Any apprehended escapees are to be taken away for interrogation while camp management focuses on “stabilizing other students’ thoughts and emotions.”

The BBC used the documents to reconstruct one of the camps, which data shows holds over 3,700 detainees guarded by 366 police officers who oversee them during lessons.

If a “student” must be transferred to another facility, the protocols say, police should blindfold them, handcuff them and shackle their feet.

Dr. Zenz published a peer-reviewed paper on the Xinjiang police files, in which he found that more than 12% of Uyghur adults were detained over 2017 and 2018.

“Scholars have argued that political paranoia is a common feature of atrocity crimes,” he wrote. “Here, it is suggested that the pre-emptive internment of large numbers of ordinary citizens can be explained as a devolution into political paranoia that promotes exaggerated threat perceptions.”

See what others are saying: (BBC) (Newsweek) (The Guardian)

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Biden Vows to Defend Taiwan if Attacked by China

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Some praised the remarks for clarifying U.S. foreign policy, while others feared they could escalate tensions with China.


Biden’s Remarks Create Confusion

During a Monday press conference in Tokyo, U.S. President Joe Biden said the United States would intervene to defend Taiwan in the event of a Chinese attack.

The remark caught many off guard because it contradicted decades of traditional U.S. foreign policy toward China.

A reporter said, “You didn’t want to get involved in the Ukraine conflict militarily for obvious reasons. Are you willing to get involved militarily to defend Taiwan if it comes to that?”

“Yes,” Biden answered. “That’s a commitment we made. We are not — look, here’s the situation. We agree with a One China policy. We signed onto it and all the attendant agreements made from there.”

“But the idea that it can be taken by force — just taken by force — is just not appropriate,” he continued. “It will dislocate the entire region and be another action similar to what happened in Ukraine.”

Beijing considers the Taiwanese island to be a breakaway province, but Taiwan, officially the Republic of China, has claimed to represent the real historical lineage of China.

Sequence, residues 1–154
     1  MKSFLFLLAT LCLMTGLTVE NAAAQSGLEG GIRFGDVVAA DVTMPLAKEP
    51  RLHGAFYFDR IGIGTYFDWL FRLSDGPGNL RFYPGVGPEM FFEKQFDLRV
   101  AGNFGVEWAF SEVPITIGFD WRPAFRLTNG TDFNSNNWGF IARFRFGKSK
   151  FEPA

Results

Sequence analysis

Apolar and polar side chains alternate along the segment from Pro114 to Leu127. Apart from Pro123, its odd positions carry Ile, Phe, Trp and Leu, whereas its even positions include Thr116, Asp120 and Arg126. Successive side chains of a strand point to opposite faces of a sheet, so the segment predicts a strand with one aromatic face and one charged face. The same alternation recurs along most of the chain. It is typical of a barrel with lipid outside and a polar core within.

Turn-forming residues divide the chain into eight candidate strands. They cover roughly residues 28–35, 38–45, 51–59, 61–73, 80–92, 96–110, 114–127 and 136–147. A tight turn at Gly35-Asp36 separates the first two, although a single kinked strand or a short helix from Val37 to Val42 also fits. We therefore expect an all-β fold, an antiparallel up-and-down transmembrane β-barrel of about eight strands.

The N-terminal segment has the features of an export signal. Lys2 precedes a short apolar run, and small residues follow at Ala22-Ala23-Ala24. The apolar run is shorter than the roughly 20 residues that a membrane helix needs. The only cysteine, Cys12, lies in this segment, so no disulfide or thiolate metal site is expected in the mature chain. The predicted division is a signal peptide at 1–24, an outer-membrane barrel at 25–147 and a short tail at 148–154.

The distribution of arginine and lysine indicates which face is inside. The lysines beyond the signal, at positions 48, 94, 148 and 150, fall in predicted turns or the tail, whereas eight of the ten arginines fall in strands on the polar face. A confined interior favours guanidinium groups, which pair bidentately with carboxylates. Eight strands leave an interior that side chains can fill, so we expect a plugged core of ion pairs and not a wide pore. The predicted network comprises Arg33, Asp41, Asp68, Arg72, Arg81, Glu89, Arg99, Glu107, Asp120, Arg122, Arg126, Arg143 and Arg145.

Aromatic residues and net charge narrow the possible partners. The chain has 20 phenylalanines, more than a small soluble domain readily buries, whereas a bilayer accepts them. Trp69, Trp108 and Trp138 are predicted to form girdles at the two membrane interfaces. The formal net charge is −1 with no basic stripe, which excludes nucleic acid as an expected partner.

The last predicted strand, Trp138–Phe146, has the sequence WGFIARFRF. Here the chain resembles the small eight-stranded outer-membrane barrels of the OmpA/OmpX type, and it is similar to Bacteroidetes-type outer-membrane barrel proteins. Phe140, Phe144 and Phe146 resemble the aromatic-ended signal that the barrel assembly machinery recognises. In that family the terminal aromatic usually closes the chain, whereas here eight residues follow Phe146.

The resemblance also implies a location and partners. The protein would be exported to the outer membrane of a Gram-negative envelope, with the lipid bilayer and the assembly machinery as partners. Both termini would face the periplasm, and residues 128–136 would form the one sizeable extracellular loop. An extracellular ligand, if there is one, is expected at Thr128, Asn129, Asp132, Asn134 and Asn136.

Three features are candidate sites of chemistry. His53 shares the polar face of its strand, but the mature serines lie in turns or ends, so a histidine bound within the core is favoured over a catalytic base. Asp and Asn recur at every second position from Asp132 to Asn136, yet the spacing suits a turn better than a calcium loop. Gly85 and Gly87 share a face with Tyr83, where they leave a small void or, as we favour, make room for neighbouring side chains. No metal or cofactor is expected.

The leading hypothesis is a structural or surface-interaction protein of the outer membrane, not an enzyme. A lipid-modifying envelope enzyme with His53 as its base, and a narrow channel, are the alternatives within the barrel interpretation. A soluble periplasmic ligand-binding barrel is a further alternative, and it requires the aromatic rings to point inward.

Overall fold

Since 1972, the U.S. has officially recognized only one China, with its capital in Beijing. However, Washington maintains extensive informal diplomatic ties with Taipei and provides military assistance through weapons and training.

Successive U.S. presidents have also committed to a policy of “strategic ambiguity,” refusing to promise or rule out a direct military intervention in case China attacks Taiwan.

The strategy is meant to deter China while avoiding a hard commitment to any action.

Biden Sparks Controversy

The White House quickly sent a statement to reporters appearing to walk back Biden’s remark.

“As the president said, our policy has not changed,” the statement said. “He reiterated our One China Policy and our commitment to peace and stability across the Taiwan Strait. He also reiterated our commitment under the Taiwan Relations Act to provide Taiwan with the military means to defend itself.”

Monday was not the first time Biden made similar remarks regarding China and Taiwan.

Last August, he promised that “we would respond” if there was an attack against a fellow member of NATO and then added, “same with Japan, same with South Korea, same with Taiwan.”

In October, he again told CNN’s Anderson Cooper that the U.S. would defend Taiwan from a Chinese attack, prompting the White House to hurriedly walk back his statement.

Monday’s remark was received with support as well as criticism.

“Strategic ambiguity is over. Strategic clarity is here,” Tweeted Matthew Kroenig, professor of government at Georgetown University. “This is the third time Biden has said this. Good. China should welcome this. Washington is helping Beijing to not miscalculate.”